Graduate school can be a solitary, isolating experience for many students, but add on top of that the feeling of being the only Black student in your department or faculty, and that experience can become more insulating.
That isolation is the topic of the first in a five-part webinar series called "The Good and the Bad of Black Grad" by Evelyn Asiedu.
The series provides a platform for Black academics to share their stories and find some commonality between their experiences, said Asiedu, a post-doctoral fellow for Environment and Climate Change Canada.
"We're hoping that in creating this community and inviting people in that we'll be able to move the conversation forward in terms of anti-Black racism, but specifically for equity and inclusion of Black people in higher education," Asiedu said on CBC's Radio Active on Wednesday.
The first instalment of the webinar starts Thursday at 1 p.m. MT and is free to register and join over Zoom through the Canadian Association of Graduate Studies.
The idea for the series stems from an article Asiedu wrote for Maclean's magazine last summer.
When she was working on her PhD thesis at the University of Alberta she was inspired to write a letter for her friends after the death of George Floyd, the ensuing protests and conversations about the treatment of Black people in Canada.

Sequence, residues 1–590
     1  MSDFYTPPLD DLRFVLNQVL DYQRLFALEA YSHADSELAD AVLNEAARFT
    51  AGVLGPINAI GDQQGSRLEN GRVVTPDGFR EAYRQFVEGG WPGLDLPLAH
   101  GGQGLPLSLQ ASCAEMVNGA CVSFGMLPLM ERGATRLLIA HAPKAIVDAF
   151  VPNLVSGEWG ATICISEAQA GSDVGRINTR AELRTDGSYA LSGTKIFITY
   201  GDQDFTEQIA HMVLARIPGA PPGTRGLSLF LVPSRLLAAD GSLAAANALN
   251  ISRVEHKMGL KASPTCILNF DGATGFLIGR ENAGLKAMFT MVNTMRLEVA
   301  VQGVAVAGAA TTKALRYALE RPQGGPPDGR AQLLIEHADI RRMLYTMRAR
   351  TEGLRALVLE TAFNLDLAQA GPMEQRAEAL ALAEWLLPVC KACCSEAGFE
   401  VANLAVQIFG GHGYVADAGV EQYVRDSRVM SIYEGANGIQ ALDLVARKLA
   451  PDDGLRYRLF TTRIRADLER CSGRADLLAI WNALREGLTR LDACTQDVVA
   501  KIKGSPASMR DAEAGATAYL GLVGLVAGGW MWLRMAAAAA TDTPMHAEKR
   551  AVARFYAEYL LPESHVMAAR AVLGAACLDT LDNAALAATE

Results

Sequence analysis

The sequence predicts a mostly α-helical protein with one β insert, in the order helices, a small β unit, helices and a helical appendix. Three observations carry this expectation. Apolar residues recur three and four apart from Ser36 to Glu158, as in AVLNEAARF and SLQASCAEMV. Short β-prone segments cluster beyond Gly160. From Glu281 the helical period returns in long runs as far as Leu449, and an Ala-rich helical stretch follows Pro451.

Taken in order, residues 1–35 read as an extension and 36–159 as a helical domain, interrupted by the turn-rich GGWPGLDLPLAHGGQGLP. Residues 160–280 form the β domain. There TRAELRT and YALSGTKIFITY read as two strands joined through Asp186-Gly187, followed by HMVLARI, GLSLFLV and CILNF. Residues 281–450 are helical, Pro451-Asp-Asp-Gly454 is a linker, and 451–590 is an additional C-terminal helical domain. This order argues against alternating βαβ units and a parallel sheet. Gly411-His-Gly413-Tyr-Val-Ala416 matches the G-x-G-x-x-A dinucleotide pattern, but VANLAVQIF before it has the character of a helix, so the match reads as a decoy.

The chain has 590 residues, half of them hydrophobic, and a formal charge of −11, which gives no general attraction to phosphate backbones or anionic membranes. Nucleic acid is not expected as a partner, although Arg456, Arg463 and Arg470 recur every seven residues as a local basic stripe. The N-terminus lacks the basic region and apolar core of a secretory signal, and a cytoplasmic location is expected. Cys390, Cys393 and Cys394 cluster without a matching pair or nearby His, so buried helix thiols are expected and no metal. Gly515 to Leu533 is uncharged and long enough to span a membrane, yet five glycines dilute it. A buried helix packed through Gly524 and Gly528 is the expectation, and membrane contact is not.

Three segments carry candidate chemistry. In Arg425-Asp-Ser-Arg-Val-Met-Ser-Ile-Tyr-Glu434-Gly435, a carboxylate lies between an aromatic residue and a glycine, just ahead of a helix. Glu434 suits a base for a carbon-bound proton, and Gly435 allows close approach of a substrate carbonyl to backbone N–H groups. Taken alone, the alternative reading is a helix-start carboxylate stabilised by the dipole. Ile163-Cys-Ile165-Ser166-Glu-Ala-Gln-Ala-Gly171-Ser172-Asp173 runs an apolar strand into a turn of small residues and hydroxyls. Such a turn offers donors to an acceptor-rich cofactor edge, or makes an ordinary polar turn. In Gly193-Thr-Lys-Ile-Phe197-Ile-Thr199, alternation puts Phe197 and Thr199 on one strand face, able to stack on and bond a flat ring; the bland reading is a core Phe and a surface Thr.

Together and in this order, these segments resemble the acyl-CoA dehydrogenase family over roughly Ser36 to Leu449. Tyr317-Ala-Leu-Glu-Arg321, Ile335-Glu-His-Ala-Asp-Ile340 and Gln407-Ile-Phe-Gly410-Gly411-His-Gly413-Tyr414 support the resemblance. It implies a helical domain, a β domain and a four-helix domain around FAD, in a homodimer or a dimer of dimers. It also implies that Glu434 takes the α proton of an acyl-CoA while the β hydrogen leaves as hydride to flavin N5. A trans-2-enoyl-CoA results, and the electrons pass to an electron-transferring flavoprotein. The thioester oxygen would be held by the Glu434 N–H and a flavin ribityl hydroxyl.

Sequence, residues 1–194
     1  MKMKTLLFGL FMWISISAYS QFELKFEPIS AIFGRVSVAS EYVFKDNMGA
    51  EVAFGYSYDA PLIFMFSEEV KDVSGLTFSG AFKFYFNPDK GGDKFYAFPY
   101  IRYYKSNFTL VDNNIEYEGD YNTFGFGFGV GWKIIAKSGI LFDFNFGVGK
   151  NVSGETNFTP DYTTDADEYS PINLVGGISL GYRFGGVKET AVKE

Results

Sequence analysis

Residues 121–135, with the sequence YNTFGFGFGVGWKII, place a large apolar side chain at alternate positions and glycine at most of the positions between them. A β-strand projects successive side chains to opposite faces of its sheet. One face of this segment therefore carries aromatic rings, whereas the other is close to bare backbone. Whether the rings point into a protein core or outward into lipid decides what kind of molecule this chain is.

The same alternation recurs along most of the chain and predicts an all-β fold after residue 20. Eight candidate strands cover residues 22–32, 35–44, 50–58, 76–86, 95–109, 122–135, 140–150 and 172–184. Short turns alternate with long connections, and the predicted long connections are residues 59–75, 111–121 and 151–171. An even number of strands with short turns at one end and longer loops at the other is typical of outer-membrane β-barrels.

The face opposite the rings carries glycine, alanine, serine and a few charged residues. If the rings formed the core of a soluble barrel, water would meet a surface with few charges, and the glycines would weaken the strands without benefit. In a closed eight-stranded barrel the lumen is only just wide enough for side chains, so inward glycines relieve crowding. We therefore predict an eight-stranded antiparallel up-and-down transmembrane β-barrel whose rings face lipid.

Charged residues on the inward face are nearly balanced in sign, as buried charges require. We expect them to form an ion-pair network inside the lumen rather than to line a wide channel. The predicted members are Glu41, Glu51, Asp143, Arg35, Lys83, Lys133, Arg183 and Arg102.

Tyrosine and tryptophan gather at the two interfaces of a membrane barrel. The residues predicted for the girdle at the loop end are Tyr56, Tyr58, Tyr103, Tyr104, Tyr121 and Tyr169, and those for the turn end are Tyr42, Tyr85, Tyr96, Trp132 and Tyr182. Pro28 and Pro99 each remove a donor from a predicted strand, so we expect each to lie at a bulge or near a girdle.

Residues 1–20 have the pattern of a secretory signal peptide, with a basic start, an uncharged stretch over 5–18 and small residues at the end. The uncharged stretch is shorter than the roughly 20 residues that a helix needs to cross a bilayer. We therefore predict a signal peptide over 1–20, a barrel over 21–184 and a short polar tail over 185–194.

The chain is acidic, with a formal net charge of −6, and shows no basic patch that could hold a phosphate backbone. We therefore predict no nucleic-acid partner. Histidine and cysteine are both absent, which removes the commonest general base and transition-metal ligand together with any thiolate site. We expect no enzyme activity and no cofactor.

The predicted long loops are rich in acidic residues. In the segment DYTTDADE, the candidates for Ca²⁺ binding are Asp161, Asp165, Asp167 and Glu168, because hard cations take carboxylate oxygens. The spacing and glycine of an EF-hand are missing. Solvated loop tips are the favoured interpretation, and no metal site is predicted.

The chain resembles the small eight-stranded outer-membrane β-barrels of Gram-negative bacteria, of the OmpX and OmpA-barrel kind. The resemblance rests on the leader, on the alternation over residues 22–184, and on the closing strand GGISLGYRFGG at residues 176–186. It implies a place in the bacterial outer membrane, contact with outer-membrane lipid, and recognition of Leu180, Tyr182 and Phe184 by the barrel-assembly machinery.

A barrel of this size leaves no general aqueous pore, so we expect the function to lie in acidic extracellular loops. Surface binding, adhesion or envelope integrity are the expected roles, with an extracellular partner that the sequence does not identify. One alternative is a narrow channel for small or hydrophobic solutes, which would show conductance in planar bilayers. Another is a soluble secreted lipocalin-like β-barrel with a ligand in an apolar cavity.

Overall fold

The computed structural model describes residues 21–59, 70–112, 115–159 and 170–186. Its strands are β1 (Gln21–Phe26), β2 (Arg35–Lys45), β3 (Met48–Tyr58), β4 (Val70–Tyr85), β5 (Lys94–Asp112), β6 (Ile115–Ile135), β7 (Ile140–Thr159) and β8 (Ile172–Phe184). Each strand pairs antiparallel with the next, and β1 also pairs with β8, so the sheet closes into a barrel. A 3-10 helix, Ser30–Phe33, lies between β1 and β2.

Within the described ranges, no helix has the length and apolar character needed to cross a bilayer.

"It felt like a lot, and it felt like I didn't have anyone in Edmonton to talk to," Asiedu said.
The letter grew into a full article published in Maclean's that called for universities to collect race-based data, a common practice in American schools but seldom done in Canada.
She also wanted to convey how anti-Black racism manifests in her daily life.
After the article's publication, Asiedu heard from academics around the country who thanked her. Some told her she wasn't alone and they also felt isolated. Others said she had written about a perspective they hadn't realized.
'Being the Only One'
The debut episode of the webinar on Thursday is titled "Being the Only One" and examines the burden of being the only Black person at a post-secondary school.
Asiedu will be joined by students who've studied in Vancouver, Toronto and Halifax to represent the experience in Canada.
Future episodes will cover topics like Black representation in universities, mental health, peer support and mentorship.
In the year since her article was published, there seems to be more of an appetite for conversations about race and equity on campus, Asiedu said.
But more race-based data about university students and staff, as well as improved practices in hiring and recruiting is still needed, she said.
"We as Canadians pride ourselves on being multicultural and being diverse, and I think that that is true of our country.
"But the challenge is that if we don't have the facts and the numbers to assess that and back it up, then how do we know how the people in our communities are doing, or where they are and how to build communities?"
For more stories about the experiences of Black Canadians — from anti-Black racism to success stories within the Black community — check out Being Black in Canada, a CBC project Black Canadians can be proud of. You can read more stories here.